01 June 2013

Responding to Surprise

Milo Jones and Philippe Silberzahn
Guest Contributors
Despite tremendous developments in business strategy over the last fifty years, businesses and governments keep being disrupted by events that they might have seen coming, but didn’t. In other words, they get surprised… and not in a happy, surprise party kind of way. Think of 9/11, the Arab spring, Fukushima, or the launch of the iPhone for Nokia.
Such events often have consequences far beyond their immediate environment that make many firms suffer, and require a response that isn’t in anyone’s existing playbook.  The late Steve Jobs – no slouch when dealing with disruption in the marketplace – once replied that his strategy was to “wait for the next big thing.”
Should you be doing the same?
When confronted by a surprise – however freakish it may be – there is a tendency to rush to action. It’s natural to ask: “What should we do?!”
US President Jimmy Carter, for example, was recalled from vacation in the summer of 1979 by the urgent and disturbing news that an elite Soviet commando unit had been spotted in Cuba. What were the Soviets up to? Did this mean a new Cuban Missile-style crisis?
US armed forces were put on alert, and Defense Department experts assembled in a War room… until someone reminded the participants that the Soviet commando brigade had pretty much always been there. Indeed, their presence in Cuba had been agreed to by JFK in 1962. In short, a problem did not exist, and the rush to “do something” by someone learning a fact for the first time manufactured a crisis out of thin air.
A puzzled Russian ambassador asked his US counterpart: “How am I supposed to explain this to my government?”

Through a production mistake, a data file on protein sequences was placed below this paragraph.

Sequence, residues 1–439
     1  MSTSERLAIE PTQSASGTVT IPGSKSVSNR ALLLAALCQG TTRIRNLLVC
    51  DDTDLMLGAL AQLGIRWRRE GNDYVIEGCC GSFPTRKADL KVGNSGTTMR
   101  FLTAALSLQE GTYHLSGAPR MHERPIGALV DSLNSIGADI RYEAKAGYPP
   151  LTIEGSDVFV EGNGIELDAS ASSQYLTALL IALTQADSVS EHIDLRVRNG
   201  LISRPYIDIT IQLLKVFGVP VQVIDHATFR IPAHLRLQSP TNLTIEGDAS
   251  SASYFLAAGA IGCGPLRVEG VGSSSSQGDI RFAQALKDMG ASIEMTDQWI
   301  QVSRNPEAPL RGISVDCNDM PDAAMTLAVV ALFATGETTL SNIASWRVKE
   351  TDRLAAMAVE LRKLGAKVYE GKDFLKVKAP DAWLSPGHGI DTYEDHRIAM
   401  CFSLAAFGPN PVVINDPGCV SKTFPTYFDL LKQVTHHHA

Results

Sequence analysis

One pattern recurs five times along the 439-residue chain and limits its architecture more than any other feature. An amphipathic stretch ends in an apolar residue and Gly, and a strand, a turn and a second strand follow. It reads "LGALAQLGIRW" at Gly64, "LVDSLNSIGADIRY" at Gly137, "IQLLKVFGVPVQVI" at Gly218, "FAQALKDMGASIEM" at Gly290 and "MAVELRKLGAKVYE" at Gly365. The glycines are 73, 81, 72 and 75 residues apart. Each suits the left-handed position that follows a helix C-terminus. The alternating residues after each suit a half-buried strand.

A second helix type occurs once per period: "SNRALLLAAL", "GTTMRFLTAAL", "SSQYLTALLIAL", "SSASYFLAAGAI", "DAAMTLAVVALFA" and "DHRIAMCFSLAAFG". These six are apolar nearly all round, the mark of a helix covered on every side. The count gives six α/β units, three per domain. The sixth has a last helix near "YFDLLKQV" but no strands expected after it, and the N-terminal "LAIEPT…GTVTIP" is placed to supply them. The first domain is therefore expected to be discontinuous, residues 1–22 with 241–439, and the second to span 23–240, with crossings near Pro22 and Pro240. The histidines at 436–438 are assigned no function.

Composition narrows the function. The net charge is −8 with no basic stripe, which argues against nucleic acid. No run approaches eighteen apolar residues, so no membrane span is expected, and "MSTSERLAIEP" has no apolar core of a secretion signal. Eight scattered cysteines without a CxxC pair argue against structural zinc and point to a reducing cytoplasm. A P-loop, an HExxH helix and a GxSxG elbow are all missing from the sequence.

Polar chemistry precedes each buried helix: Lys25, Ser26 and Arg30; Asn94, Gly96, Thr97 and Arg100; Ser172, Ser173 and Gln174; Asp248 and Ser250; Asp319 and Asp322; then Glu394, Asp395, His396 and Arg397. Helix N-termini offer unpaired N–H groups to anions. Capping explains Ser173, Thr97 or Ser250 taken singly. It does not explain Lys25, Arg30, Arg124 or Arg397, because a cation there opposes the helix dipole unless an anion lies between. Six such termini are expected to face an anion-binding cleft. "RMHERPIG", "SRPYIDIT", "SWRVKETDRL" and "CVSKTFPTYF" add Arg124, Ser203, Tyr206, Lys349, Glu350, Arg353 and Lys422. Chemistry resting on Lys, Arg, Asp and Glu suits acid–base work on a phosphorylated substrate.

Nobody wants to be like the (still-unnamed) guy in the White House who acts before thinking, but how specifically should you act in the face of a surprising fact or shocking event? We suggest three simple questions to be your guide.
#1 What’s going on?
There will always be voices saying “Act, do something, respond”, but nine out of ten times, it pays to explicitly ask the question What’s going on?” and even perform some rapid analysis before doing anything else. In other words, when surprises happen, take a moment to untangle what you actually know from what people are assuming and from what is still unknown.
Better still, poll a few other executives for their take on what is going on. Are their assumptions the same as yours? Do they agree on what is still unknown? Do they know someone who could help fill in the gaps?
If there really is a crisis, and you’re not facing a Carter-like moment, getting such basic agreed facts written up on a whiteboard in a ’war room’ is the beginning of effective crisis management. If the surprise involves a natural disaster or other crisis covered by TV, we recommend that you keep the TV on, but turn the sound off: news channels will have whoever is to hand (or good-looking and was free to get on a plane) blathering on about this or that rumor, or doing endless recaps of the obvious (preferably with an emotional, ”human-interest” spin).
If you’re after information about what’s really going on however, just watch the scene and make logical deductions when the cameras pan out. Is smoke rising from the ruins? Can you see panicked crowds, or do the police look like they’re maintaining control? In other words, interrogate the images to help figure out the first key question “What’s going on?”